Bears’ trip to London sparks memories of 1986
The last time the Bears went to London, the world was different.
It was August 1986, and quarterback Jim McMahon ran down the concourse at O’Hare Airport to the Bears’ waiting 747 charter, sporting camouflage, wearing sunglasses, trying not to spill his cup of beer, smoking a cigar.
When the Bears checked into the Hyde Park Intercontinental Hotel, an employee asked Walter Payton, “Are you as good as the Refrigerator?’’
While pondering the charms of the ancient land, Dallas Cowboys’ tight end Doug Cosbie wondered aloud, “If England was so nice, why did everybody leave and come to America?’’
And when the exalted William Perry himself, the friendly, gap-toothed enormity who had made $3 million the previous year for endorsing everything from bacon to, yes, refrigerators, saw the statue of Winston Churchill while being chauffeured through London, he stated dramatically, “Now he was a big man.’’
Oh, it was indeed different for that Bears-Cowboys matchup at Wembley Stadium.
It was the preseason, and the trip was more of an NFL marketing outreach and goodwill tour than an important contest.
There were security concerns — especially over possible retaliation for the U.S. bombing of Libya the previous April — but the “war on terrorism’’ had not officially begun, and — believe it or not — nobody had a cell phone. People actually looked at each other, instead of their palms. Mark Zuckerberg was 2.
When the Bears head off to London on Thursday, they will be zipping in and out with the full intention of simply beating the Tampa Bay Buccaneers in the seventh regular-season game and improving to 4-3.
That the game will be held at the same, but remodeled, Wembley Stadium as the one in which the Bears beat the Cowboys 17-6 a quarter century ago doesn’t get head coach Lovie Smith riled up. (Of course, what does?)
“I don’t think that’s going to be much of an issue,’’ Smith said Monday about the 8,000-mile road trip. “We’re going to, of course, go a few days earlier than we normally would. But it’s still a business trip for us. That’s how we’re looking at the game.’’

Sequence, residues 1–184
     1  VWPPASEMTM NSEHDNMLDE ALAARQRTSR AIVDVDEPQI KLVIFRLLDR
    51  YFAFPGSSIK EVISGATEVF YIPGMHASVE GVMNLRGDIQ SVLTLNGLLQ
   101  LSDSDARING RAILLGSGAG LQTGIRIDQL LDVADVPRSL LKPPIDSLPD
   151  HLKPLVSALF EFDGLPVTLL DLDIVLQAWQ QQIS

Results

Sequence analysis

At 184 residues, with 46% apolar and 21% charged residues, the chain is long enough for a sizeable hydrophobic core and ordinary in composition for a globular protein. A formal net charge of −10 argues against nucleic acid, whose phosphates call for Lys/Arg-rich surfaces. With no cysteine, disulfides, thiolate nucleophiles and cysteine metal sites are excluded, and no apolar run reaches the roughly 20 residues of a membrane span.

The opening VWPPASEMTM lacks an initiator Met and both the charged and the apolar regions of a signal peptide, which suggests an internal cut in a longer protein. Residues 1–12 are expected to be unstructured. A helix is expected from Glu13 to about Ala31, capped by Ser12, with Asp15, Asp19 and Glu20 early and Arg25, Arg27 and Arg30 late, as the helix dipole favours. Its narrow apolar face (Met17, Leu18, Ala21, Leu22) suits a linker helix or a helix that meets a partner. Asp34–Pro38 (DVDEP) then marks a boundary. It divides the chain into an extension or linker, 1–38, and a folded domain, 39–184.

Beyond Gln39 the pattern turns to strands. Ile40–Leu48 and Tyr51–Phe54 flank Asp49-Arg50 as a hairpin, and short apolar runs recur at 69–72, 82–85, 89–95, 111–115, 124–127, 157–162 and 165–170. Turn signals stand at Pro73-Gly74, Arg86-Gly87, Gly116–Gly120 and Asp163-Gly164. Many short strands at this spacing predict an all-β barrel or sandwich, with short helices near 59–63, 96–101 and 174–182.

Sure, why not?
The Bears are not loaded with charismatic figures, and so there won’t likely be the exciting side trips to the London trade center (Matt Suhey) or the posing like the Beatles crossing the intersection at Abbey Road (Keith Van Horne, barefoot McMahon, giant-chested Dan Hampton, long-coated Kevin Butler), or business meetings with various ambassadors (Willie Gault), or even some casual posings with the Royal Guard (Fridge, the Cowboy’s Ed “Too Tall’’ Jones.
What the Bears have is a disgruntled, well-paid veteran safety (Chris Harris) who says he wants to be traded, and a quarterback (Jay Cutler) who, on a viral YouTube clip from Sunday night’ game, seemed to be telling his offensive coordinator, Mike Martz, to go do something nasty to himself.
That’s not really quality controversial stuff. And, Lovie Smith, who doesn’t know the British scandal press, may have to manufacture some dirt just to keep the gossip rags happy.
Back in 1986 The Sun ran this headline on Saturday before the game: “FRIDGE IS RED HOT IN BED, SAYS WIFE.’’
This time could we get, “HENRY MELTON DOESN’T REALLY NEED THOSE GLASSES HE WEARS’’?
It’s likely a lot of Londoners still recall the last Bears visit and the frenzy it created. It was almost an inverse Beatles-invasion, with characters galore.
Ralph Miller, the sales and promotion manager of Wembley Stadium at the time, said he could have sold a quarter million tickets for the 83,000-seat arena for the game.
Europeans know all about “American football’’ these days, but they still wouldn’t mind finding a new Fridge or Mad Mac or mini-Ditka lurking in the Bears entourage.
Could this be, say, Julius Pepper’s international moment?
I had to ask Lovie if maybe, just maybe, the Bears would do something wacky with London calling. Maybe? Please?
“Well, Rick, I’ve never been there myself,’’ the coach said gently. “I hope that won’t be one of the things we’re talking about, driving on the wrong side of the street. But I get your point.’’
Of course, he did.
“I would just think the guys would take care of business and be where they’re supposed to be, represent the Bears well and hopefully get a win.’’
OK, that’s fine.
That’s plenty, I guess.
Boring, but plenty.